SS: Your films have courted controversy due to their political relevance in the past. Did that impact your filmmaking decisions for this movie?

ZD: To be honest, we never set out to do a film to create controversy or send a message to change society. I never do that. If you do that it looks contrived and artificial. I write about what I care about, which is truth and fairness. I have a special understanding of fairness because I’ve seen so many unfair things while I was growing up. I’ve lived it. So that was the motive and psychology behind the screenplay.

SS: The film won an award at Venice and is now shortlisted for the Oscar. Did you expect the film to play so well to audiences?

ZD: To tell you the truth, you don’t think about it. My worries early on was whether the film was going to be released in Lebanon or not. That was something I was very concerned about due to my previous film “The Attack”. It was banned in Lebanon and I was very upset about this. I was very hurt because it was banned for stupid reasons. There’s no good reasons to ban a film. The BDS (Boycott, Divestment and Sanctions) Movement mounted a very vicious campaign labeling me all sort of stuff. And they managed to convince the Lebanese government and 22 Arab governments to ban “The Attack”. And when I came out to do “The Insult”, I was worried that those people were going to wage their campaign again and they did. They tried everything they could to stop the movie. I was concerned.

When the Lebanese government finally released it and then selected it to go to the Oscars and I was acquitted after the arrest, I was very happy. The rest is the cherry on the cake. I’m very happy that we’ve gotten where we are now. It would have been so difficult for me if this film was also banned. In fact, the BDS managed to ban it in Palestine. But that was the only place they managed, they failed everywhere else. It’s very unfortunate that the BDS is attacking artists who are doing movies. It’s fascist and it’s not right. And they are losing the battle.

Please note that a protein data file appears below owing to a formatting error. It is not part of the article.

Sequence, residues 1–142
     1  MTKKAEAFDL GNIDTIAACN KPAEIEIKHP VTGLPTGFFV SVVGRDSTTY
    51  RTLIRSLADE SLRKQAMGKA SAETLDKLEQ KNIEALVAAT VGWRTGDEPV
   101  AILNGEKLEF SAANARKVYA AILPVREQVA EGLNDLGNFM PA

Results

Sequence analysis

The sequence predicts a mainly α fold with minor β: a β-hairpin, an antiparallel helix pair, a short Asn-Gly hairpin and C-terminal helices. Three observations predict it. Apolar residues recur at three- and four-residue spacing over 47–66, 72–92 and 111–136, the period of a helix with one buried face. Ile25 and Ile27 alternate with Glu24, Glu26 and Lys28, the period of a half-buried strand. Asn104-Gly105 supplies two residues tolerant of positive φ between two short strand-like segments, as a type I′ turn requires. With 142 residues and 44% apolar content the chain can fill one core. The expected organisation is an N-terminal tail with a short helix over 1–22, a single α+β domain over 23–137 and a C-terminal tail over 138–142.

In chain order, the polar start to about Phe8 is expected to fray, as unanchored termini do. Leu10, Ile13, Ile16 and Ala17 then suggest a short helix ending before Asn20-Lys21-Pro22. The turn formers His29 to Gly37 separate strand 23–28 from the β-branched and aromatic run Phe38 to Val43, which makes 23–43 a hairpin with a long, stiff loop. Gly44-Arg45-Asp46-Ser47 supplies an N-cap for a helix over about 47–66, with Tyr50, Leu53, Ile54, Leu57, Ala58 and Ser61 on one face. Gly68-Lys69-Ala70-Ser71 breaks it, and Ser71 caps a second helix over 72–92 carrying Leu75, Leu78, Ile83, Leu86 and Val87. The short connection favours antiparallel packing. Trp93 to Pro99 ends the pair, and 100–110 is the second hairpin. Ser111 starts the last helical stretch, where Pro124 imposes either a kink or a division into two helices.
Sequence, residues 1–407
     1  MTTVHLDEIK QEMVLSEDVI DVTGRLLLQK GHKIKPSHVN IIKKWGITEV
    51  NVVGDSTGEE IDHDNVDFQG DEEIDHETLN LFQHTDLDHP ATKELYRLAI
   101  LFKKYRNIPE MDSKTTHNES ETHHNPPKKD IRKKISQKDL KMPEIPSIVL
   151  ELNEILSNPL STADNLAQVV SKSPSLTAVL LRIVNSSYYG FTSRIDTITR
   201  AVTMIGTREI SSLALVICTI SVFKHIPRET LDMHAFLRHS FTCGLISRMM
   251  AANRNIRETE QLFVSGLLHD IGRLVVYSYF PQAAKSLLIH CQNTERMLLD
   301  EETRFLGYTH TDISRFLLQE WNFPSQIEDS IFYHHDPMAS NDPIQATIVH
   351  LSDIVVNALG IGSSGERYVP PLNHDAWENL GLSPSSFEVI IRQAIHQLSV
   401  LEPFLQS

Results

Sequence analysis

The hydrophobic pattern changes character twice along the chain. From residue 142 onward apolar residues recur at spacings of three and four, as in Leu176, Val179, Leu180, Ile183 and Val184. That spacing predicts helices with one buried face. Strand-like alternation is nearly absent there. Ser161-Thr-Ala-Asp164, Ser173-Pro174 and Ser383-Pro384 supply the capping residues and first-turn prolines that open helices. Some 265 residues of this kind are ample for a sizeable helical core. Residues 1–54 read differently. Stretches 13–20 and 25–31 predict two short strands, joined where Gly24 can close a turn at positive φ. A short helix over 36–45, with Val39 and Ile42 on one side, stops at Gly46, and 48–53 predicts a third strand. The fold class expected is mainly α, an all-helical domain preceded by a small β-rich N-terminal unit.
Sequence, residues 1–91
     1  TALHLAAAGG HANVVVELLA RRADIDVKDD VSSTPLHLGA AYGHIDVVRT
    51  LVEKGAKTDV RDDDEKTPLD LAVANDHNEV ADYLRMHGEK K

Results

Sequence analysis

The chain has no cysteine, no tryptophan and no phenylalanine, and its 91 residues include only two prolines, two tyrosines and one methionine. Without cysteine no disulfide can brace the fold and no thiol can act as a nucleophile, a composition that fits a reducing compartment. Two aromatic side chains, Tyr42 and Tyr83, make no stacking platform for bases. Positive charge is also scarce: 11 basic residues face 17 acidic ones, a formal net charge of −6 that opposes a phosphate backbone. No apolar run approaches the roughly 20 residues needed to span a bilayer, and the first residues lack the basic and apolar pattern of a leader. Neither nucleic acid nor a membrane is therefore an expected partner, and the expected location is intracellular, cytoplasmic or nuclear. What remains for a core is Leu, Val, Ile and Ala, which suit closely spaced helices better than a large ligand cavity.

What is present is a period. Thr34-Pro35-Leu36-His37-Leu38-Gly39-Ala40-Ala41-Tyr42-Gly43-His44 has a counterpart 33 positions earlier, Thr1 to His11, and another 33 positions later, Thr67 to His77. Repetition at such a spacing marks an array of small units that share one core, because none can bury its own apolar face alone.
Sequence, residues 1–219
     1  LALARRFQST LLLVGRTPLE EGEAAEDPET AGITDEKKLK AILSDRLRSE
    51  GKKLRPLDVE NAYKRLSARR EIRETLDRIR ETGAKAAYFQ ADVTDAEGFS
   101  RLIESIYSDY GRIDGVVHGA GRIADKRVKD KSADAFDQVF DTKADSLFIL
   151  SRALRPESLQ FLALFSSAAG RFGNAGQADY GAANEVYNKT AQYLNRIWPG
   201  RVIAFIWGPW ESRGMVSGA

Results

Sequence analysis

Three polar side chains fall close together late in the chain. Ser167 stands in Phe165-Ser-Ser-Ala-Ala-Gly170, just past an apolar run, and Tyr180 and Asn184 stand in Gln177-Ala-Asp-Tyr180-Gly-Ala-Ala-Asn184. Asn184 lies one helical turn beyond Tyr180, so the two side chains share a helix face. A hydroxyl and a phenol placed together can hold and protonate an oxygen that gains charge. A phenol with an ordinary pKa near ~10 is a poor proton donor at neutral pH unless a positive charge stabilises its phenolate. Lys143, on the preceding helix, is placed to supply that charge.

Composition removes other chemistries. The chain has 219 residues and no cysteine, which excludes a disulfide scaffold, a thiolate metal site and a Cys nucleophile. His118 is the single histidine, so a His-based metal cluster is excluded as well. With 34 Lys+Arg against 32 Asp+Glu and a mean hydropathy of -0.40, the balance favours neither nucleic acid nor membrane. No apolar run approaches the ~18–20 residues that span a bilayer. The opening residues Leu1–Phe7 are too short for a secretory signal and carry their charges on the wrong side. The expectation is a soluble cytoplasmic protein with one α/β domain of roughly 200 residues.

SS: The film shows the public getting very invested in this trial and picking sides. Did you also find that the film divided audiences or did they come away with a more balanced perspective?

ZD: They did pick sides. When the film was shown in Lebanon, people did pick a side. I do take sides, I’m not neutral. It’s just that my sides shift. One time you’re with Tony the Christian, then you swing back and show the Palestinian perspective.

The Lebanese audience reacted extremely positively, especially the Christian community. Unfortunately, the Muslim community decided to take a negative stance towards the film because of the labeling from the BDS. But the film is #1 at the box office and I’m happy about that. You can’t please everyone.

SS: You’re known for making politically relevant films. Are you going to continue in that vein going forward?

ZD: You never choose your films in advance. I don’t like to be labeled. I want to continue telling stories, that’s all. Stories that speak to me, stories that are somehow autobiographical or stem from a personal perspective of things. I don’t want to be labeled. Maybe next time I’ll do a comedy. I follow a good story. Whatever speaks to me, I’ll do it.

“The Insult” is now playing in select theaters.